Meetings can be a great opportunity to sit down and talk to staff, managers, clients and colleagues that you may not usually have time to. Some meetings might be a group discussion and some might be mostly full of reports, but in any case you should know how to make a strong and lasting impact on the other people there.
1. What makes a positive impact?
The first step is understanding what makes a positive contribution in a meeting. The aim is to get your voice heard and your points considered by those present. However, if you start talking just for the sake of it, you risk being seen as annoying or a time waster. Instead, make sure that your points are carefully considered and worthwhile.
You also want to think about when to speak so that you can get your voice heard over more senior or more talkative people around the table, but being mindful not to interrupt or be considered too pushy.
2. Prepare for the meeting
Before even walking into the meeting, you should have a good idea about what is going to be discussed and how you can contribute to it.
Always read through the agenda and any attached documents in advance. This will give you time to think about the topics, research anything you may want to familiarise yourself with and consider any points you want to make. Writing notes may help you to remember what you want to say, which you can refer to in the meeting itself. This is especially useful if you are not feeling so confident or are afraid you will forget your points.
3. Make a strong start
It is always a good idea to arrive at a meeting early. This lets you find the best spot to sit, and you can start chatting and building a rapport with other attendees. It will be a lot less intimidating to speak up if you have already broken the ice.
Additionally, the longer you leave it to raise your voice in a meeting, the harder you will find it. Look for a good moment early on in the meeting to speak. This can show that you are focused, assertive and lets everyone know that you are present – both physically and mentally. Make sure you are also aware of your body language. Leaning forwards to listen to someone shows your interest and that you want to be involved in what they are saying. People appreciate people who listen to them, and they should be more willing to listen to you in return.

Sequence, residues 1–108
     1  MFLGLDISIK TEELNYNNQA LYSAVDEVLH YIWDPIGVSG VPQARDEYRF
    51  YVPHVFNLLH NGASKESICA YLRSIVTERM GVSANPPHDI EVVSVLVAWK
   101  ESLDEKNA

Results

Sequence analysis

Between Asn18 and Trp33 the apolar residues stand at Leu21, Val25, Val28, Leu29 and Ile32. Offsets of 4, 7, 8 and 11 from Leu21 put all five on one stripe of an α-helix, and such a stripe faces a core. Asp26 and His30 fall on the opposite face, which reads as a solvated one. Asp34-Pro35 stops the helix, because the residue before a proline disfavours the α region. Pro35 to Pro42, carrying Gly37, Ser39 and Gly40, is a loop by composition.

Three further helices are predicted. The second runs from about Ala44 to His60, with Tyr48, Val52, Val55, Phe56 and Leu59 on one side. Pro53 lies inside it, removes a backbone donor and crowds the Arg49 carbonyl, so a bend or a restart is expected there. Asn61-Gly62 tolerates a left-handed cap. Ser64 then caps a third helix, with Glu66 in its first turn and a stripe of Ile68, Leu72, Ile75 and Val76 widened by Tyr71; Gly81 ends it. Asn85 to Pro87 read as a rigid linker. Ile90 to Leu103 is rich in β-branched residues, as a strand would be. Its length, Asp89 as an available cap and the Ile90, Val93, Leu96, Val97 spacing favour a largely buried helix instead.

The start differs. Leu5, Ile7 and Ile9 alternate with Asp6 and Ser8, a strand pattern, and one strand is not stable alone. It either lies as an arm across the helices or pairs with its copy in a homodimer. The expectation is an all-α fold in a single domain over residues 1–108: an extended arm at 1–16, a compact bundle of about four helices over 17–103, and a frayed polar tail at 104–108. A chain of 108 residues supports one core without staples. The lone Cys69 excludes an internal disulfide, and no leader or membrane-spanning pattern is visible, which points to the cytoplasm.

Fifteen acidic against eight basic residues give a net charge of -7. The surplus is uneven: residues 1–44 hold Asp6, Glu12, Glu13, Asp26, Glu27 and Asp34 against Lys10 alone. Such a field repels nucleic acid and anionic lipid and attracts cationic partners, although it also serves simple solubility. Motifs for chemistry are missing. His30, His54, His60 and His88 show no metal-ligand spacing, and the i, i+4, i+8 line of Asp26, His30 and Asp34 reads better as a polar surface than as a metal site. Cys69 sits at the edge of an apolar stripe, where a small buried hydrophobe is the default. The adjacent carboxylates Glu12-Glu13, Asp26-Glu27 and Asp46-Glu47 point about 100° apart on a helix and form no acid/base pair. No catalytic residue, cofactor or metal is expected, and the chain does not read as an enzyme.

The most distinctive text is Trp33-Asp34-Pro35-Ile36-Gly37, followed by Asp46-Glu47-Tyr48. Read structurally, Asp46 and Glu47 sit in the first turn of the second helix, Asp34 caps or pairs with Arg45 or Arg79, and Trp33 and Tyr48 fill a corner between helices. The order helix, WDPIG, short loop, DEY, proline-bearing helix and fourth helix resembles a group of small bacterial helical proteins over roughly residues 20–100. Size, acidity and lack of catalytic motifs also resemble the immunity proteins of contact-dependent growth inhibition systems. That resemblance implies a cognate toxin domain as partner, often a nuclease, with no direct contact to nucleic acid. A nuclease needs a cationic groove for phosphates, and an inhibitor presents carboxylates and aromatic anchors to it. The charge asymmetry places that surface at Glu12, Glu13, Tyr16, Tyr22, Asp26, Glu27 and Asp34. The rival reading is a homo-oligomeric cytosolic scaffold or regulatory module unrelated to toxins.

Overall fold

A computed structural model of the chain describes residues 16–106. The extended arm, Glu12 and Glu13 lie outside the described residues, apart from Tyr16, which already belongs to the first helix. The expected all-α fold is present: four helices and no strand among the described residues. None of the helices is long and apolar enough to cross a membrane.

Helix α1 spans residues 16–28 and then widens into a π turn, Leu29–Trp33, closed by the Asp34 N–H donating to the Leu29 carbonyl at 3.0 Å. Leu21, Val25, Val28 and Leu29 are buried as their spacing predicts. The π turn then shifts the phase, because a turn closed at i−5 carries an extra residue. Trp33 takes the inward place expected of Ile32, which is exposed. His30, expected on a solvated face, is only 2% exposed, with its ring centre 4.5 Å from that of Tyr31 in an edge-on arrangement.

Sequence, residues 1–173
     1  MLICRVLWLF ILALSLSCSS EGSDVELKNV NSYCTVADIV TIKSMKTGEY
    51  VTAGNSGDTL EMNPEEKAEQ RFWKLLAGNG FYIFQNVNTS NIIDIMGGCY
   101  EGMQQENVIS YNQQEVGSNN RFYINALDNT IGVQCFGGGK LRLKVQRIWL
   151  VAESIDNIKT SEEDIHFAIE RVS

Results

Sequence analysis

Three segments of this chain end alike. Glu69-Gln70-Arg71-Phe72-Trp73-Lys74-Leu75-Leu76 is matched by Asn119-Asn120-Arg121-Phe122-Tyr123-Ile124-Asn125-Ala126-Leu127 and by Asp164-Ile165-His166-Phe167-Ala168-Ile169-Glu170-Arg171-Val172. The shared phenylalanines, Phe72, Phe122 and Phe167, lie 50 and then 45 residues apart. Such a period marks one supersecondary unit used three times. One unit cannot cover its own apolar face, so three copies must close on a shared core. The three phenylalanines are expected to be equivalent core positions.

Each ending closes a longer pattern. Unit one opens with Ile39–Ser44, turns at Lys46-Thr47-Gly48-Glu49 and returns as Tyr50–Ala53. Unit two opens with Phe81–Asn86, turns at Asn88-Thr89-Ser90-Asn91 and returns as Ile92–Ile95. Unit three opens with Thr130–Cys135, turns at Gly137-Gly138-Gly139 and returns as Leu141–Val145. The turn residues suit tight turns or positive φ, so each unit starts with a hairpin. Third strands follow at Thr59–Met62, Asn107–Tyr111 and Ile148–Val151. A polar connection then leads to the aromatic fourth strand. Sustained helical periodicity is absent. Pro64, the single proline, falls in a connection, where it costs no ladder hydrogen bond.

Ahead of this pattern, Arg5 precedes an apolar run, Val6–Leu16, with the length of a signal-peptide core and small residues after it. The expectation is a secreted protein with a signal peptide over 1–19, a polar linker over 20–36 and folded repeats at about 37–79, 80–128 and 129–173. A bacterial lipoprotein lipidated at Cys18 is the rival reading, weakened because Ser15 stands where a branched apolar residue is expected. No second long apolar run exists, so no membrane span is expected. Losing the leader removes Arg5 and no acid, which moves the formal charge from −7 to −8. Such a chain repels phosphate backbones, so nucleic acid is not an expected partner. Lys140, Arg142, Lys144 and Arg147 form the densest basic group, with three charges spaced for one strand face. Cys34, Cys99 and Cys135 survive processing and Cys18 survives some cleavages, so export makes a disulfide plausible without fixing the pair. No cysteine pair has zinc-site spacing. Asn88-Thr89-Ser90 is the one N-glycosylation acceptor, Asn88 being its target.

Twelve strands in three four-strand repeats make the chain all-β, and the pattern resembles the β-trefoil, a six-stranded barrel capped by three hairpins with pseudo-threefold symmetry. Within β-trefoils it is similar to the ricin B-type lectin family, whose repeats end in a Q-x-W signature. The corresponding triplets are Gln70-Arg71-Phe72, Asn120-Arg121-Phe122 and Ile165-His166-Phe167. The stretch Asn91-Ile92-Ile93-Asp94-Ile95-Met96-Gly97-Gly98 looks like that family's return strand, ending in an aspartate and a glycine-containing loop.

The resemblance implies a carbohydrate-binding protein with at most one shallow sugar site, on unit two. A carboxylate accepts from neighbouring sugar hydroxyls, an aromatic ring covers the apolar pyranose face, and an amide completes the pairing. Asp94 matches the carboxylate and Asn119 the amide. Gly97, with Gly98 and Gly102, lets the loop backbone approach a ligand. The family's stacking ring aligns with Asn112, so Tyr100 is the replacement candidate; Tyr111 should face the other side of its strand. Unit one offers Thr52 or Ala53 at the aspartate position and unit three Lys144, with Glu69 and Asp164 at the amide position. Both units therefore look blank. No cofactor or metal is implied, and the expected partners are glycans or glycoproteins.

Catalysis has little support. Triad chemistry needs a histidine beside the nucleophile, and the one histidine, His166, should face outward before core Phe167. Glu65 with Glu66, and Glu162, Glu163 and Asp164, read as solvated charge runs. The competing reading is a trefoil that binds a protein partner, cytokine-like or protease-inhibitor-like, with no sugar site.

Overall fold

4. Don’t be afraid of not knowing everything
No one is an expert at everything, and one day you are bound to end up in a meeting discussing something you know nothing about.
Rather than trying to offer points for discussion, ask questions. This still shows interest and assertiveness, and shows that you are willing to learn in order to be more involved in the future.
You can also offer support to other attendees’ points. Even if you are not an expert, you can still say when you think something has been a good idea or if you think your knowledge of something else could be useful.
See some of our other solutions for making an impact here